5 Ways to Improve Your Heart Health Now
Improving your health begins with the small stuff. These seemingly insignificant changes ultimately lead to a more enjoyable, healthier and longer life. Whether you are young, old, single or married, don’t you want the best quality of life possible? Start by making decisions about your heart health now.
1. Increase your physical activity.
- Instead of following up a delicious meal with a seat in front of the television, take a walk. This is a simple way to get your metabolism going. Bring a partner along with you and turn the walk around your neighborhood or local park into a great time to catch up with your spouse or friend.
- Make your children’s playtime yours as well. Chances are your little ones aren’t even aware of the number of calories burnt playing tag; don’t hesitate to join in on the fun!
- Get a nice workout during your next visit to the grocery store. When you park your car, select a location that is far from the entrance of the store. You’ll be forced to walk a longer distance to purchase the items you need. You’ll walk this same distance to get back to your car. This is the kind of workout where quitting is not an option. If you do, then, well, you won’t make it home.
- Put yourself into the mindset of exercising according to a schedule. It can be difficult, but if you can get in at least 30 – 45 minutes of workout at a rate of at least three to four days a week, you will greatly increase your health. Leaving behind a sedentary lifestyle in favor an active one will do wonders for your overall health as well as your figure.
2. Edit your diet.
- It’s been stated time and again – breakfast is the most important meal of the day. This is because it kick starts the metabolism. Why would you want to begin your day with a bowl full of sugar? A large number of cereals on the market, no matter how delicious they may be, are essentially just that: almost entirely consisting of sugar. Opt for breakfast items like steel cut oatmeal. This is a nutritious alternative. Other breakfast choices include Greek yogurt, eggs or fresh fruit.
- Avoid foods that are high in empty calories. These are the calories that derive from sugars and fats but provide little to no nutritional value. Fatty foods such as cookies, fried foods, and pizza are notorious offenders. The same applies to sugary beverages as well. Choose the healthier options to these foods and drinks. Drink water instead of sodas and eat baked foods for example, rather than fried foods.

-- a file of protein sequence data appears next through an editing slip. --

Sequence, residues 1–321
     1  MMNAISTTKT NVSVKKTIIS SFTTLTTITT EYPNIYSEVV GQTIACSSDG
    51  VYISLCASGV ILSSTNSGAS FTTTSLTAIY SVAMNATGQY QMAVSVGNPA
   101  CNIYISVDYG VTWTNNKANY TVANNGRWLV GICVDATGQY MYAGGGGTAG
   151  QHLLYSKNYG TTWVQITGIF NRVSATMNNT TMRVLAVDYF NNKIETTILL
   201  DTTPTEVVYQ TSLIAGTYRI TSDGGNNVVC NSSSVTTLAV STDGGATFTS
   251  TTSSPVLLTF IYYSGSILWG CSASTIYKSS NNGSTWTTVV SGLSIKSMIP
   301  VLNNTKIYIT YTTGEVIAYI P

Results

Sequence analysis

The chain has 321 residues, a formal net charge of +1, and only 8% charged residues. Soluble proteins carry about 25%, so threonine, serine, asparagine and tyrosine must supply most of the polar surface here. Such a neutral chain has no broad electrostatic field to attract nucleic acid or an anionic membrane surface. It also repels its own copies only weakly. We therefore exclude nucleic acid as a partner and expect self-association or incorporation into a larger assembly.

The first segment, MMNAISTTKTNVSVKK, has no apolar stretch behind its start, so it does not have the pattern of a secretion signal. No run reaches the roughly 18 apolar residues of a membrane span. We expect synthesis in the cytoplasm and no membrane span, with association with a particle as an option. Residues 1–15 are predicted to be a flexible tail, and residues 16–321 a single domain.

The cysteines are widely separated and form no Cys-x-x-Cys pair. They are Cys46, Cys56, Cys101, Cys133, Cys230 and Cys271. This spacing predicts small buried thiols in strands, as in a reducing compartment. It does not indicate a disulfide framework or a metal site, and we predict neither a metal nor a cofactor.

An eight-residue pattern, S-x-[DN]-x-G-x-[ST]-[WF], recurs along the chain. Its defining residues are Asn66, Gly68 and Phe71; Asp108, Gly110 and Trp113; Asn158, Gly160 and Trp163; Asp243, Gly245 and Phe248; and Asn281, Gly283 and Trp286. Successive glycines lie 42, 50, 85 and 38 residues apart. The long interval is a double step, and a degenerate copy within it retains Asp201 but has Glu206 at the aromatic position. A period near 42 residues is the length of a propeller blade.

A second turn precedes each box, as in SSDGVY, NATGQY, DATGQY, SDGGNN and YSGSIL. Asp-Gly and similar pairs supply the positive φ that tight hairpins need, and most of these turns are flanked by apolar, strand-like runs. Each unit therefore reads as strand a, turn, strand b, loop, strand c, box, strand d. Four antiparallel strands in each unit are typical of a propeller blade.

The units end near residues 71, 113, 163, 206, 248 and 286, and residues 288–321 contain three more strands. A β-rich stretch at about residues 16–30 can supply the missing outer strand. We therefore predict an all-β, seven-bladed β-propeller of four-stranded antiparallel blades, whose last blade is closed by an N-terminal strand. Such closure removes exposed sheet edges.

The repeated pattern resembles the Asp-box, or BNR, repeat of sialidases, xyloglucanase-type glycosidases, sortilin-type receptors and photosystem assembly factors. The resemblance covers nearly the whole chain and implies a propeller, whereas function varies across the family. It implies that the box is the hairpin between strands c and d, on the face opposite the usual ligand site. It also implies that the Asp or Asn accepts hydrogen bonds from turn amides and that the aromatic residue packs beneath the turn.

3. Add heart healthy supplements.
Lowering your cholesterol can greatly decrease your risk for heart disease. There are a number of supplements that can help in this process. Some of the most common supplements are:
- Green Tea Extract
- C-complex Vitamins (which include B6, B12 and folic acid)
- Fish Oils
Because everyone’s body reacts differently to supplements, particularly pregnant women and those on a prescription regimen, it is wise to speak with your doctor before taking these supplements.
4. Consider preventive screenings.
Preventive screenings are a good idea because they have the potential to save you or your loved one’s life. Recognizing early signs of disease can lead to treatment before any kind of medical condition develops. Annual visits to see a physician are important and become even more so with age. Be sure to take care of yourself and to make an appointment to see a doctor at least once a year.
5. Smile, laugh, relax!
Laugh your way to a smaller waist? Not only has it been found that laughter burns an average of about 10 – 40 calories, but it is good for your heart too! Taking a moment to relax and laugh at your favorite television show or your child’s latest shenanigans will help relieve stress. When you’ve had a long or stressful day at work, it may be exactly what you need to make both your body and soul a little happier.
Begin incorporating these activities into your daily life and see the results. You will feel much better after making these simple but useful adjustments to your everyday life and your heart will thank you for it!
Disclaimer: This post was written by Carolyn Heintz, a health blogger over at Lifelong Health and Wellness.